Department of Education faces budget cuts due to pandemic

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In an email to all NYC school faculty, Chancellor Richard Carranza recently announced that the Department of Education is facing severe budget cuts as a result of economic instability and a significantly lower overall tax revenue.

More specifically, $150 million will be cut from the 2019-2020 school year budget and $470 million from the 2020-2021 budget. The DOE has currently frozen all public school purchasing not related to the COVID-19 crisis. This includes non-essential remote learning opportunities, overtime salaries, professional development programs, and items not pertinent to remote learning. However, funding for necessary remote learning materials and support will not be impacted. 

Assistant Principal of Organization Ellen Fee said, “We were able to purchase a few things, and we were blocked from some other things. And, we were able to pay everyone, including those people who had submitted per session (over time) timesheets.”

The impact of these budget cuts in the upcoming school year remains unclear. The DOE will issue guidance on next year’s budget in the late spring. According to the chancellor, there will likely be limited professional development opportunities for teachers and “non-mandated DOE activities.” There is also a suspension on hires that are not directly related to the COVID-19 emergency, which may continue into the next school year. The DOE will continue to block non-essential purchases and severely restrict hiring in schools.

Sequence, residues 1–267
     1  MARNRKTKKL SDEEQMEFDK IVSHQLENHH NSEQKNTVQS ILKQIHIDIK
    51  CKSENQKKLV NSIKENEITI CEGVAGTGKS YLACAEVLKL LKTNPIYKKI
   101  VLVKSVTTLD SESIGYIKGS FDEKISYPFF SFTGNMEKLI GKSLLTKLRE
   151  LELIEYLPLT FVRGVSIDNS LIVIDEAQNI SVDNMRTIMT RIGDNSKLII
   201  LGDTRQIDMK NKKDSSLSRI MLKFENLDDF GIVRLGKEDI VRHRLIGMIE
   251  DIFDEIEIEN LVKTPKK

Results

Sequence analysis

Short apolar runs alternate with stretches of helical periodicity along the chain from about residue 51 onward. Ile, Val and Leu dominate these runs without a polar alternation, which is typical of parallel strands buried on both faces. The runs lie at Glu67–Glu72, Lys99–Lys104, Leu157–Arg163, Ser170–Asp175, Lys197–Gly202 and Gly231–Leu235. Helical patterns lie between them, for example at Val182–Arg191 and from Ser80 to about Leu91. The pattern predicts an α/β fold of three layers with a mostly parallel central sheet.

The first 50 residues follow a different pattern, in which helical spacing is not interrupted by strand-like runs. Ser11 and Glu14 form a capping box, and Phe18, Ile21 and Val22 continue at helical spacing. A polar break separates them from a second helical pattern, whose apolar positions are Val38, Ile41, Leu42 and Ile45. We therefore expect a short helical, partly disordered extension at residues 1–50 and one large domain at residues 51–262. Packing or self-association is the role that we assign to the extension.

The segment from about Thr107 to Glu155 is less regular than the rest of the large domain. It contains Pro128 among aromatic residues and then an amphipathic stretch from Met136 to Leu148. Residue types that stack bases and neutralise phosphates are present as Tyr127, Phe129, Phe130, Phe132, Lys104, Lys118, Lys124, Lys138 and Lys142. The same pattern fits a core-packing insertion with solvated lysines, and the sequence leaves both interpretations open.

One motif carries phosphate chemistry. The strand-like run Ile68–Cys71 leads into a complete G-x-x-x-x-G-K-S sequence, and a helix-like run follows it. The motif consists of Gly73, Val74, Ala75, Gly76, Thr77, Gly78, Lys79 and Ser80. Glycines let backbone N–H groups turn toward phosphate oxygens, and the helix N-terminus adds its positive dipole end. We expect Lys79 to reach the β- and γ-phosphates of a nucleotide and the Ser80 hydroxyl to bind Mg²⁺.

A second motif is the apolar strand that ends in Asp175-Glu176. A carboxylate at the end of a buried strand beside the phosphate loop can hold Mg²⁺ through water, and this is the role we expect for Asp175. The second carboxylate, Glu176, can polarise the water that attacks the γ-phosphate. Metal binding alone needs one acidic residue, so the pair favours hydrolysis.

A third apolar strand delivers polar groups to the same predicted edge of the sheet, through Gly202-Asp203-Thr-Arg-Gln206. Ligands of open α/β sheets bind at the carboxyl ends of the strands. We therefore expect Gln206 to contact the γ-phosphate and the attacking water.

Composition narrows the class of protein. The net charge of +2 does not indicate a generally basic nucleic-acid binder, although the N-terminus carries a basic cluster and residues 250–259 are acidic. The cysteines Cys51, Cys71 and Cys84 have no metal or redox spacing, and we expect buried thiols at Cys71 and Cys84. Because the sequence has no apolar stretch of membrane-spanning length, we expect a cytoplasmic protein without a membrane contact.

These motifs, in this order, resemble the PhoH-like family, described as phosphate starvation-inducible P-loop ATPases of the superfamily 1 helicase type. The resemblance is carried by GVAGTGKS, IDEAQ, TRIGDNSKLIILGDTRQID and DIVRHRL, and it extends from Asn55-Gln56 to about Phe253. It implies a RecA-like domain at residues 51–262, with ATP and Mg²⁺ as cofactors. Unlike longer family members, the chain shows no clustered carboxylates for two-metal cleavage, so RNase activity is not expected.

Though the COVID-19 crisis is unprecedented, THHS has experienced similar budget cuts in the past. During the Great Recession of 2008, funding for after-school activities and school materials was especially impacted. According to a Classic article from the December issue in 2008, supplies were “at a bare minimum” after the THHS budget was cut by $118,500. However, teachers’ salaries remained unaffected, and the school experienced few staff reductions. 

In 2010, the THHS budget was cut once again by Governor Paterson’s policies regarding public schools for the 2010-2011 school year. Nevertheless, according to a Classic article from the September issue in 2010, after “an appeal for additional funding” and “writing to local government officials,” the THHS community was able to convince the DOE to restore $320,000 to the school budget, ensuring that no Advanced Placement classes would be affected.

This was repeated again in 2016 when DOE budget cuts affected the availability of courses for students. THHS was not able to pay teachers who taught an extra 6th class. Although there were class reductions, no elective courses were permanently cut.

As of now, Principal Brian Condon believes it’s best not to guess until more details are released and remains hopeful. “I’m trying not to speculate. My approach is to design the best program for students as we can and then figure out how to make it work,” he said.

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